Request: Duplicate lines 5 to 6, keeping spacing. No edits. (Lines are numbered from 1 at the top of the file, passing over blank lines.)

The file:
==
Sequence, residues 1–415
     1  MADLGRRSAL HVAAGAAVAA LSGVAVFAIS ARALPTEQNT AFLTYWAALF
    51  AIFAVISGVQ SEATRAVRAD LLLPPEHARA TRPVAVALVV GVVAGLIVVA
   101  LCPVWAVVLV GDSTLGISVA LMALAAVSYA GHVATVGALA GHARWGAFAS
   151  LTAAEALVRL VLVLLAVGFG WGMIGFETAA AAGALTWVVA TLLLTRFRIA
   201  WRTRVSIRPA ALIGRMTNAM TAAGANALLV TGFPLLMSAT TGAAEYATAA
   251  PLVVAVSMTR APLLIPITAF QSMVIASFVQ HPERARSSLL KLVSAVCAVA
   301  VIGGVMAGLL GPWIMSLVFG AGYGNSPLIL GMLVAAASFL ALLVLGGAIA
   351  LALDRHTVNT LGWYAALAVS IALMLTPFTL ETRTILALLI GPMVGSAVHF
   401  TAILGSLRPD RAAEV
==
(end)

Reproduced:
   151  LTAAEALVRL VLVLLAVGFG WGMIGFETAA AAGALTWVVA TLLLTRFRIA
   201  WRTRVSIRPA ALIGRMTNAM TAAGANALLV TGFPLLMSAT TGAAEYATAA